The design and fabrication of the infrared spectral imaging radiometer (ISIR) is presented. The ISIR was designed in 1994 to provide calibrated images in four thermal wavelength bands without cryogenic cooling by utilizing the new, uncooled microbolometer detector technology. The complete system was fabricated at Space Instruments, Inc. (SI) in 1995 and 1996 and delivered to NASA Goddard Space Flight Center (GSFC) for flight on the space shuttle in 1997. Photographs of the flight hardware are shown. The ISIR operates in a pushbroom fashion and utilizes real time, digital time delay and integration (TDI) to improve the signal to noise ratio. From a nominal shuttle altitude of 140 nmi, the nadir pixel subtends 240 by 240 meters on the ground. The size of the radiometer is minimized by the elimination of mechanical scan mechanisms and a space radiator. The ISIR instrument utilizes a through-the- optics calibration system to periodically obtain a two-point calibration for each pixel in the detector array. A blackbody with both heating and cooling capability is used to obtain accurate calibration data for both terrestrial and cloudtop measurements. The timeline logic, TDI integration, mechanism control, calibration, and data formatting are performed in the onboard digital processor which utilizes two microprocessors and seven programmable logic devices. The output data is recorded on two, 8 mm tape recorders.
The uncooled Thermal Imaging Radiometer (TIR) utilizes a single microbolometer detector array to obtain calibrated infrared images in four spectral bands. The spectral bands and bandwidths are user selectable from 8 to 12 microns. The TIR is a portable system designed for both indoor and outdoor use. It is controlled by a laptop computer which also displays the fully calibrated spectral images in real time with both color and gray scale options. The TIR scans 360 degrees and provides continuous imaging of the surrounding scene on the laptop display. Selected images can also be saved for radiometric analysis. Early test results and thermal images from the TIR will be presented.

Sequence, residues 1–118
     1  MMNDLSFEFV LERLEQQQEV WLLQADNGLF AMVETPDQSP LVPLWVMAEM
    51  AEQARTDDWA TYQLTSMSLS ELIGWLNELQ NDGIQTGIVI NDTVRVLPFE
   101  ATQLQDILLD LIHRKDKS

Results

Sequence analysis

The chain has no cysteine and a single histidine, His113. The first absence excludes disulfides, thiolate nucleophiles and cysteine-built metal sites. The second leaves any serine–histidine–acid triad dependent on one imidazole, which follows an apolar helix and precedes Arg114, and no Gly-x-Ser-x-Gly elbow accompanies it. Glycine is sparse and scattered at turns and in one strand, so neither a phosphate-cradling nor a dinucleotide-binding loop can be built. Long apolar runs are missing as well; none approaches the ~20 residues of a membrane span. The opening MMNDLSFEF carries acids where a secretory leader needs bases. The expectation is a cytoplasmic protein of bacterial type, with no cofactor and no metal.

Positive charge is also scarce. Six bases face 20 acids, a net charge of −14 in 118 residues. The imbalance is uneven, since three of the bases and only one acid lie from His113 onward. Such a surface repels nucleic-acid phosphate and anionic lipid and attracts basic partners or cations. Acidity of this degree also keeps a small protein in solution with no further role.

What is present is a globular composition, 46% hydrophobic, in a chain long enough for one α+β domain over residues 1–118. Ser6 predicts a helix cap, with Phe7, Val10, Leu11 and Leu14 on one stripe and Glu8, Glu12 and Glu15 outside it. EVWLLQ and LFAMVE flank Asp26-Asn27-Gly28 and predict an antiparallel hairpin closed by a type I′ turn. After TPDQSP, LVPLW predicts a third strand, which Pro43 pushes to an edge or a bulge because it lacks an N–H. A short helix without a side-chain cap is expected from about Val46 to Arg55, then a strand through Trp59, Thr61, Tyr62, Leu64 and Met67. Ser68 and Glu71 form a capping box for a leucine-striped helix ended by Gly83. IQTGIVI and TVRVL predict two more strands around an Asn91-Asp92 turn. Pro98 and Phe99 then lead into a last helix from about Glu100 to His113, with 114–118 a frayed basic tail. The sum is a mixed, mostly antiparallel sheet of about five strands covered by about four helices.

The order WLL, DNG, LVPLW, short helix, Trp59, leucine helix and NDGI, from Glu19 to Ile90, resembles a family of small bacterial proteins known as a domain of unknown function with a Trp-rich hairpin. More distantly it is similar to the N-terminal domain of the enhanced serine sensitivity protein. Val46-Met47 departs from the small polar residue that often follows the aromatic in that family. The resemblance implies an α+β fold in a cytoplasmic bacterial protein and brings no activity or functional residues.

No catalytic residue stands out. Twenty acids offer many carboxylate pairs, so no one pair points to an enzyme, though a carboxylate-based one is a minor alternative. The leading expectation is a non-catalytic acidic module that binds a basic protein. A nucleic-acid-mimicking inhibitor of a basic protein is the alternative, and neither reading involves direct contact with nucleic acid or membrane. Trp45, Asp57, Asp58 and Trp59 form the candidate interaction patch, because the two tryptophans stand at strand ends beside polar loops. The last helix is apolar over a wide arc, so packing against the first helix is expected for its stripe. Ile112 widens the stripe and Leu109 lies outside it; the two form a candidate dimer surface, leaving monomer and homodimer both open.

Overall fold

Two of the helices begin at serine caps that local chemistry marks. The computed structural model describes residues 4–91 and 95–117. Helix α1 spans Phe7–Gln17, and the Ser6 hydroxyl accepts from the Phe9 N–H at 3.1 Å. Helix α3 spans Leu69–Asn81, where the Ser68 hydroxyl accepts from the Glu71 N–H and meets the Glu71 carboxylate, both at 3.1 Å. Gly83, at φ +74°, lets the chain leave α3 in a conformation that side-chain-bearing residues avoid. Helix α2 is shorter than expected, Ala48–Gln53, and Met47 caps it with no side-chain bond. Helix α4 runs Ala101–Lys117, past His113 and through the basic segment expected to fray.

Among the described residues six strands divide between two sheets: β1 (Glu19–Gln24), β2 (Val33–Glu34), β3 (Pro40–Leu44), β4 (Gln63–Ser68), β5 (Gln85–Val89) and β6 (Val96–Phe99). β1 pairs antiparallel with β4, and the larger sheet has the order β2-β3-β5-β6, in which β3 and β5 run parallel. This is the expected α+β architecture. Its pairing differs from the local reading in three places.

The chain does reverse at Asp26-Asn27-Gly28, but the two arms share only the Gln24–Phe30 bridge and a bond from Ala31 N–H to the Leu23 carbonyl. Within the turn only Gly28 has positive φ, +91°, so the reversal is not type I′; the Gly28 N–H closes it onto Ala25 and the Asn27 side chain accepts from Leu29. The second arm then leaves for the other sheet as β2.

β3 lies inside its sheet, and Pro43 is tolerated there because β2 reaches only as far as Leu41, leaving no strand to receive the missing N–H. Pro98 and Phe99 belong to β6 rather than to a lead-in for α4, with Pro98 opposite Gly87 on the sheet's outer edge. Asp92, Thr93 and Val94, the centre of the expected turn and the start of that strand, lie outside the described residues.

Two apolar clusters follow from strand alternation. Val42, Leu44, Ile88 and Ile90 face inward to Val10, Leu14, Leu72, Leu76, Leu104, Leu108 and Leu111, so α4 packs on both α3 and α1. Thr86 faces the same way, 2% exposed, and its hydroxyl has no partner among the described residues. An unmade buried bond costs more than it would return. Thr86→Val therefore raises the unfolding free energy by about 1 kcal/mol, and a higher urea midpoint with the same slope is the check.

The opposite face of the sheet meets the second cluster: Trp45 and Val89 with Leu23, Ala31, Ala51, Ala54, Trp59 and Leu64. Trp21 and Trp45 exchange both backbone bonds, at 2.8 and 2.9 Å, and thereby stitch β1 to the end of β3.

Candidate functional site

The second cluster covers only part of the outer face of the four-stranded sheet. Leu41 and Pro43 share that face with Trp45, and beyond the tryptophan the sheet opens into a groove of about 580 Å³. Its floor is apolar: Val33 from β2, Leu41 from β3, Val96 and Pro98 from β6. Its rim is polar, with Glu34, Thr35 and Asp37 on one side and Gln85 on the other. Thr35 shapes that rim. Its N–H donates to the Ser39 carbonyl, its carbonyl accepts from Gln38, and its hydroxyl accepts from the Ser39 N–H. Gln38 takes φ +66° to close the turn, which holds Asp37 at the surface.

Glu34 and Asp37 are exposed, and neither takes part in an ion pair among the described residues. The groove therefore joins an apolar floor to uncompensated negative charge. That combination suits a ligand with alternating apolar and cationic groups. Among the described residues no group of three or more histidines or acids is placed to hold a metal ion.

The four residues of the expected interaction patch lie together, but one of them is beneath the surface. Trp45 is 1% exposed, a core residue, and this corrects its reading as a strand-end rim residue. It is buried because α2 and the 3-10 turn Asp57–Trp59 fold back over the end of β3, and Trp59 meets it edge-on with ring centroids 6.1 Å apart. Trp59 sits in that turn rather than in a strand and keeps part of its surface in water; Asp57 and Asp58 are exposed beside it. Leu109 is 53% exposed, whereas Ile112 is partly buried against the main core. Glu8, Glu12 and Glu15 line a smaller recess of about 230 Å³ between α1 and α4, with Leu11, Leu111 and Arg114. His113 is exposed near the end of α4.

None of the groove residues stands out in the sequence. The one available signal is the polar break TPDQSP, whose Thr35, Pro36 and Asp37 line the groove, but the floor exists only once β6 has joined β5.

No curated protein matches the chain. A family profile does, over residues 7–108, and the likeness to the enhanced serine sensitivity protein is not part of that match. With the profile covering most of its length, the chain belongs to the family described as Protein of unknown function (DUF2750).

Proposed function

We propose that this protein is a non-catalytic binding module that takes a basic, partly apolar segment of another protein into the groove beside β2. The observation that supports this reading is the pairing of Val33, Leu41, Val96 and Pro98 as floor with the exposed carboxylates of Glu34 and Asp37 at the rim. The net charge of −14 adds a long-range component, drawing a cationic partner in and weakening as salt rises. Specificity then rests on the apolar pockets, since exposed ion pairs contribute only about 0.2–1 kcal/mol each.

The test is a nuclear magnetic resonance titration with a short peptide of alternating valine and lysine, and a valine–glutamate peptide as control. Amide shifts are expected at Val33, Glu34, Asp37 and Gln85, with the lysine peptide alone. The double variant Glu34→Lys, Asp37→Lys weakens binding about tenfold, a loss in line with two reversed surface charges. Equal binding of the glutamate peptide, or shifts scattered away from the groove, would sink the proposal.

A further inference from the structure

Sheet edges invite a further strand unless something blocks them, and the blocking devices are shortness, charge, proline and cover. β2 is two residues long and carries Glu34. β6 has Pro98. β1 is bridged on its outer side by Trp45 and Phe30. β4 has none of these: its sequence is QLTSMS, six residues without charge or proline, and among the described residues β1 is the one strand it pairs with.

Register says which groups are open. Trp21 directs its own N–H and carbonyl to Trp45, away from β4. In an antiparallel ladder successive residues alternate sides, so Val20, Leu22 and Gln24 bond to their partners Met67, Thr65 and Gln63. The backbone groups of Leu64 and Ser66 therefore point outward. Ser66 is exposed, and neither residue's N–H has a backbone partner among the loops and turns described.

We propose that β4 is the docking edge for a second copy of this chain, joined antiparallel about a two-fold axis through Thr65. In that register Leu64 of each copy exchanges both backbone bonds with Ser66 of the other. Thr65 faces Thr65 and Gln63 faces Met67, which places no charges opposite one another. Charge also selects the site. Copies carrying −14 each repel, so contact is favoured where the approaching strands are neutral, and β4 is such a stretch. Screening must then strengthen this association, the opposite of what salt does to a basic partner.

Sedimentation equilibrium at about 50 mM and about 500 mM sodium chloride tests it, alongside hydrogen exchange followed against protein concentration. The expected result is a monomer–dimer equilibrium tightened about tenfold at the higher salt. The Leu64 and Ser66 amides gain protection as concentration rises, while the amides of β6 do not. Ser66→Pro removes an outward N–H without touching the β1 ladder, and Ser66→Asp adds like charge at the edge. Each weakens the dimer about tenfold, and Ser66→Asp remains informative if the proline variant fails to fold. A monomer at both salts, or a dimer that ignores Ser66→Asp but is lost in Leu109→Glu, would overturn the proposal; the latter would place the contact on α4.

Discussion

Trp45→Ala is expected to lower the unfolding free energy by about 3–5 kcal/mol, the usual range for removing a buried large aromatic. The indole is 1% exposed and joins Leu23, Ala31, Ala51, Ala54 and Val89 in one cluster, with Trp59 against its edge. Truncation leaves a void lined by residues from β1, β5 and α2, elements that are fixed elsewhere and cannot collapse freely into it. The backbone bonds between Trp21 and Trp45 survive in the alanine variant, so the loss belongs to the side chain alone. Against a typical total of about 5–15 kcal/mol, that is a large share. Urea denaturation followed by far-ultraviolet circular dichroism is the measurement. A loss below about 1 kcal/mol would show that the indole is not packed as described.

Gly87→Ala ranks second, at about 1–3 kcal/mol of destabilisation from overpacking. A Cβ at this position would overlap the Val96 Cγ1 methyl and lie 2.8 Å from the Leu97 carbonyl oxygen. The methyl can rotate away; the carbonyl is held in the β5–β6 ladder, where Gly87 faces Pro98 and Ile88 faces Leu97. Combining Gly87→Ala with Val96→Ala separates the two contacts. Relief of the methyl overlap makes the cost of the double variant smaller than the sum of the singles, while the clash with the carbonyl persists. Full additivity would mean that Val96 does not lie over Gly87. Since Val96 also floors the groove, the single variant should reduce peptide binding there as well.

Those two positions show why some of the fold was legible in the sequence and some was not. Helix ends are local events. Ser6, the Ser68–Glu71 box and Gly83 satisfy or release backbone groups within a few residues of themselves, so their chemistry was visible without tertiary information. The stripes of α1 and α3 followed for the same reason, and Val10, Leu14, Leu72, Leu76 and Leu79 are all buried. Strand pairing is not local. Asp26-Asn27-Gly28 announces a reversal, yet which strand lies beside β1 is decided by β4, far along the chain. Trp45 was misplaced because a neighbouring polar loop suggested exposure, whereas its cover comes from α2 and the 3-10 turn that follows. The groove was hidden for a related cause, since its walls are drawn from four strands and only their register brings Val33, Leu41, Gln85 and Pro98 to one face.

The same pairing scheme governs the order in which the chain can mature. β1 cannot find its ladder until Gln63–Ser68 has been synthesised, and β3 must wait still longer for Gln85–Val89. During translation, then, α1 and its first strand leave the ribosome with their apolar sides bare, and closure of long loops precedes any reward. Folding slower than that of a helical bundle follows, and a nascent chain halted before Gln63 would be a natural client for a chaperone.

As optical sensor and source technologies advance, it is important to improve the ability to accurately calibrate these sensors and sources. A new type of power meter which has excellent absolute accuracy, long term stability, and linear output over its full dynamic range will be described. The Multispectral Power Meter (MSP) makes direct power measurements by the substitution of electrical power to balance the radiant power from a radiation source. The MSP can operate in air at ambient temperature, in a vacuum environment, or even in space. It monitors ultraviolet to far infrared wavelengths with equal responsivity and can thus measure laser output at any wavelength or blackbodies at any temperature. In addition to characterizing the output from spectral sources, the MSP can also calibrate sensors and act as a transfer standard from a cryogenic primary standard. A digital controller enables the MSP to be remotely operated. The various measurement techniques and the performance levels of the MSP will be described.
A laser power meter has been developed which can measure absolute power output to better than 0.1%. The power meter has a flat spectral response from ultraviolet to far infrared and is essentially 100% linear over its full dynamic range. The power meter has long term stability better than 0.001% per day. The operation of the power meter is discussed and performance measurement data are presented.